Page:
In addition, Maxwell can detect the session at any point in the session, not just at the beginning. For example, Maxwell can detect a video conferencing session well into the session based on the SSRC. Other products are quite limited and can only identify traffic based on the physical interface of the devices in use.
Maxwell uses state machines to keep track of all the sessions.
Maxwell is invisible to the other devices on the network. The other devices do not perceive Maxwell as a "neighbor" with an IP address, nor is it the next "hop" in the network. Maxwell functions like a layer 2 or 3 device. Maxwell is not like a router; Maxwell functions more like a bridge.
Maxwell has a separate physical interface with an IP address that is used for control purposes. Maxwell has a total of three Ethernet interfaces, two of which are used for emulation (bound to the Maxwell daemon rather than an IP stack) and the third is bound to an IP stack for management and control.
Maxwell can change the MAC address, duplicate the MAC address, insert an illegal MAC address, and inspect MAC addresses matching certain criteria, and then select their associated packets for special processing, such as changing the contents.
Maxwell can move packets from one tagged VLAN to another. Maxwell can move packets from a tagged VLAN to an untagged VLAN. Maxwell has full capabilities to manipulate IEEE VLAN headers.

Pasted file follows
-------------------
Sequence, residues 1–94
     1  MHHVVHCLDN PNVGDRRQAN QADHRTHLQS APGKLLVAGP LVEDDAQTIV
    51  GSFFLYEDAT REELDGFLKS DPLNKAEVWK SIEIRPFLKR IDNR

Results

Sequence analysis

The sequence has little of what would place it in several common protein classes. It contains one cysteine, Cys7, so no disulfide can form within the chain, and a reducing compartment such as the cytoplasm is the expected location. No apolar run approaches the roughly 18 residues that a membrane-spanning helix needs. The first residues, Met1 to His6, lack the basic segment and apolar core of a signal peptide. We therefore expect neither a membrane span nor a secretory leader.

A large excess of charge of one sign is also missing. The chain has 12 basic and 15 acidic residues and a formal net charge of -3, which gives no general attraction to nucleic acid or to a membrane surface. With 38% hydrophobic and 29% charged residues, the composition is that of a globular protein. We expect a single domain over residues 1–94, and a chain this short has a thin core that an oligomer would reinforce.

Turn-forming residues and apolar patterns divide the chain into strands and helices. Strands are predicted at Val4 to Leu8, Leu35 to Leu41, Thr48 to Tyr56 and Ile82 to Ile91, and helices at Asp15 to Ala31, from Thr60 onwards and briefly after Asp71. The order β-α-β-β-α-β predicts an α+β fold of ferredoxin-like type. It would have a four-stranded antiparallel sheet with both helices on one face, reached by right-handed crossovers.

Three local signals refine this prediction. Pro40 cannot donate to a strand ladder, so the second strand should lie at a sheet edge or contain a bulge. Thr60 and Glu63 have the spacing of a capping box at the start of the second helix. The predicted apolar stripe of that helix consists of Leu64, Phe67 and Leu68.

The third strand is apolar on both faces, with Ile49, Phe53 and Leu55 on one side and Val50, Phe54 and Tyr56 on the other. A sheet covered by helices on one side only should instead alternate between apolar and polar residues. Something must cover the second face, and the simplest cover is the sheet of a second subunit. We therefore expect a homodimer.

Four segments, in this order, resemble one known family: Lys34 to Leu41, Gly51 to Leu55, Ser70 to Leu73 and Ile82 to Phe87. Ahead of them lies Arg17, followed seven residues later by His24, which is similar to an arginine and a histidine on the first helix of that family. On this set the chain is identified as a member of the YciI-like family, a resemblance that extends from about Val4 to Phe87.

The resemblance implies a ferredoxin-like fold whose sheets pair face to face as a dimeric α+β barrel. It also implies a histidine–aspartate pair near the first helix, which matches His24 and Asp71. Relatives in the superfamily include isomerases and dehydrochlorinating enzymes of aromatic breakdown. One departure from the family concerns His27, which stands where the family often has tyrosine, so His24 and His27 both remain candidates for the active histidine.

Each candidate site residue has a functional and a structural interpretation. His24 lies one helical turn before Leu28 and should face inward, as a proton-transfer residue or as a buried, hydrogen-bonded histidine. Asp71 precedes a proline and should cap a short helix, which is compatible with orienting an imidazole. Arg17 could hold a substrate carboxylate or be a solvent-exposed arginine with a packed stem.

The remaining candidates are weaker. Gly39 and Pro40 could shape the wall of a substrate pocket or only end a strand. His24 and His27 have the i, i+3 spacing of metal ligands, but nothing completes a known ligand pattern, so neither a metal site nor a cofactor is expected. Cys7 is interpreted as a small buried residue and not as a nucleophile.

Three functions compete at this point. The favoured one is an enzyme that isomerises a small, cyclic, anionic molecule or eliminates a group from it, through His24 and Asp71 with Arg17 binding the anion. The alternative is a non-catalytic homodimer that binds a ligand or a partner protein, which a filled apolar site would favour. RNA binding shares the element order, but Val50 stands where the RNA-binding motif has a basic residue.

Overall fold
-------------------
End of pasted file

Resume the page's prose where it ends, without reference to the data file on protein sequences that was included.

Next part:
Maxwell understands IP within IP. Maxwell can view and manipulate nested IP headers independently of one another. Maxwell can also work with TCP and IP inside IP.
If you provide Maxwell the decryption keys, it can perform the classic man-in-the-middle attack.
The other physical interfaces are not required. Nearly all clients and servers are Ethernet based. When they connect to other high performance networks with higher speed media, they nearly always do so via a router. Maxwell does not require a physical interface to a particular type of media to track and impair sessions traversing that media.
In network impairment testing, there are modelers, emulators, and simulators. They all have different roles to play.
Network modelers represent phenomenon as a set of mathematical equations. A network modeler lets you define traffic volumes, flows, network architectures, etc. So you can visualize the application performance, and do "what-if" analysis. Modelers do not deal with real traffic; no packets flow through a modeler. OpNet is an example of a modeler.
SimITU-T G.1050ulators generate test conditions approximating actual or operational conditions. Simulators rely on mathematical formulas to determine behavior.
For example, an SNMP agent simulator running on an inexpensive PC, would simulate the behavior of the SNMP agent inside an expensive router. You could query this simulated SNMP agent for the values of MIB objects. Or the simulated agent could send an alarm that a link was down. However, the values would not be real and there is no real link that is down. So, what is simulated is the behavior of an agent, but not a real link down condition, or the real value of a MIB object in the router.
A network simulator uses mathematical models to simulate, for example, a frame relay connection. It appears to the client-server application that it is operating over a frame relay "cloud", however, it is really running over a mathematical model that has made several assumptions about how frame relay connections operate. Shunra is an example of a simulator.